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The NGF's annual golf participation report uncovers favorable trends for the game's future

April 22, 2017

The number of golfers in 2016 dropped, a familiar no-growth refrain in the National Golf Foundation’s annual report on golf participation. Bad news? Not really, says the NGF. A deeper, broader view of the reported numbers actually says the game might be experiencing a renewed vigor, including some record-breaking indicators.

No, really.

First, the rough numbers. According to the NGF, the number of people who played golf on a real golf course in 2016 fell 1.2 percent from 2015 to 23.8 million. That number is well within the fairly wide margin of error (900,000 golfers) and suggests that participation is likely flat over the last decade. Still, it is the lowest the NGF has reported that number in the Tiger Woods era. Still, this number might be missing a larger point.

“Green-grass golf participation remains an essential measure of golf’s vitality, and we will continue to measure and report on it the way we always have,” NGF president and CEO Joe Beditz said in the report. “But we decided it was time to add off-course participation in order to track the dynamic growth we have seen there, and which we believe will continue.”

Much like how recent underwhelming television ratings for golf seem to have missed the various alternative ways people current consume live golf coverage, this year’s NGF golfer participation report uncovers trends about beginning golfers, avid golfers and even aspiring golfers that suggest a game poised to be on the rise.

In fact, for the first time this year’s report includes golfer participation in a new way called off-course participation. The growth in driving-range activity and golf-simulator use, tracked separately in recent years, is now part of the NGF’s comprehensive participation picture.

While some might quibble that the change paints an overly rosy picture of how vibrant golf might be at this moment in time in the U.S., the NGF report counters that other sports characterize participation in much broader ways, and that golf’s focus on participation being defined exclusively to playing a round on a golf course is too limiting. As an example, the NGF report says sports like baseball and basketball tally participation by including pick-up games or shooting baskets in the driveway.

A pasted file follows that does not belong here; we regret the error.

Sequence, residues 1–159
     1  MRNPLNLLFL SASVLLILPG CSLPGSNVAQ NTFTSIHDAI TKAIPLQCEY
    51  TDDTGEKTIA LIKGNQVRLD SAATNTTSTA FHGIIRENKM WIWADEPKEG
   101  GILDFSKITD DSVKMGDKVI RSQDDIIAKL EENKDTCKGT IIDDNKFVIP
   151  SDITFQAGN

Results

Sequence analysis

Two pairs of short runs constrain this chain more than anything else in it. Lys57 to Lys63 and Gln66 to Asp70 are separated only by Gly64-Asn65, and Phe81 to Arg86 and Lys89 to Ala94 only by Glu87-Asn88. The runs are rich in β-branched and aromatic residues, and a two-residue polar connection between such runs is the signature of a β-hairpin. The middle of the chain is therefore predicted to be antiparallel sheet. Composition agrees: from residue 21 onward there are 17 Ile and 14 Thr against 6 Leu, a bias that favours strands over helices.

These broader numbers show golf activity to be a larger and growing segment of the U.S. population. Some examples:

• The number of beginning golfers grew to 2.5 million, a nearly 14-percent increase over 2015. That number is an all-time high, breaking the previous mark of 2.4 million set in 2000, when Woods was at rapid ascent.

• The number of “committed golfers” grew, as well. Committed golfers combines those who call golf either their favorite activity or one of several recreational pursuits. According to the NGF, the committed golfer number rose to 20.1 million golfers, the first year-over-year increase in five years.

• Driven by the success of driving range/entertainment facilities (most notably Topgolf) and increased simulator use, the number of off-course golf participants grew to more than 20 million, an 11-percent increase. Of those, 8.2 million never played on a golf course. When added to the traditional golf participation number, the overall count of those hitting a golf ball with a golf club reached 32 million. That figure is nearly 3-percent higher than last year’s 31.1 million.

• Latent demand for golf from aspiring golfers also was on the rise. According to the NGF, non-golfers interested in playing golf right now was 12.8 million, up from 11.9 million last year and double what it was five years ago. The overall number who say they are at least somewhat interested in taking up golf was 40.6 million, and well over a third of that number (15.2 million) were millenials (18- to 34-year-olds), which made up the largest single age group of non-golfers who expressed interest in playing golf.

• Junior golf stayed steady at 2.9 million, but this group is becoming more diverse. Likely driven by programs such as The First Tee, the LPGA/USGA Girls Golf and the PGA Junior League Golf, the number of females in junior golf now is a third of the total number, nearly double of what it was in 1995. More than a quarter of all junior golfers are non-Caucasian, quadruple what it was two decades ago.

Something else to note is that golf’s flattish-to-down traditional participation numbers mirror an overall trend in the sports industry. According to the latest report from the Sports and Fitness Industry Association, there have been decreases in participation over the last five years in several other sports, including baseball, basketball, touch and tackle football, soccer and slow-pitch softball.

According to the NGF report, the average golfer is 43 years old and plays almost 20 rounds a year. The largest age segment is 30- to 39 year-olds, which represent 20 percent of all golfers. More than three-quarters of all golfers are male, and just over 26 percent have a household income of more than $125,000, the largest segment in the NGF survey. Still, that socioeconomic bracket doesn't tell the whole story. Nearly four in 10 golfers have a household income under $75,000. More than half play eight or more rounds a year. Overall, an estimated 8 percent of the U.S. population 6 or older played golf on a golf course in 2016.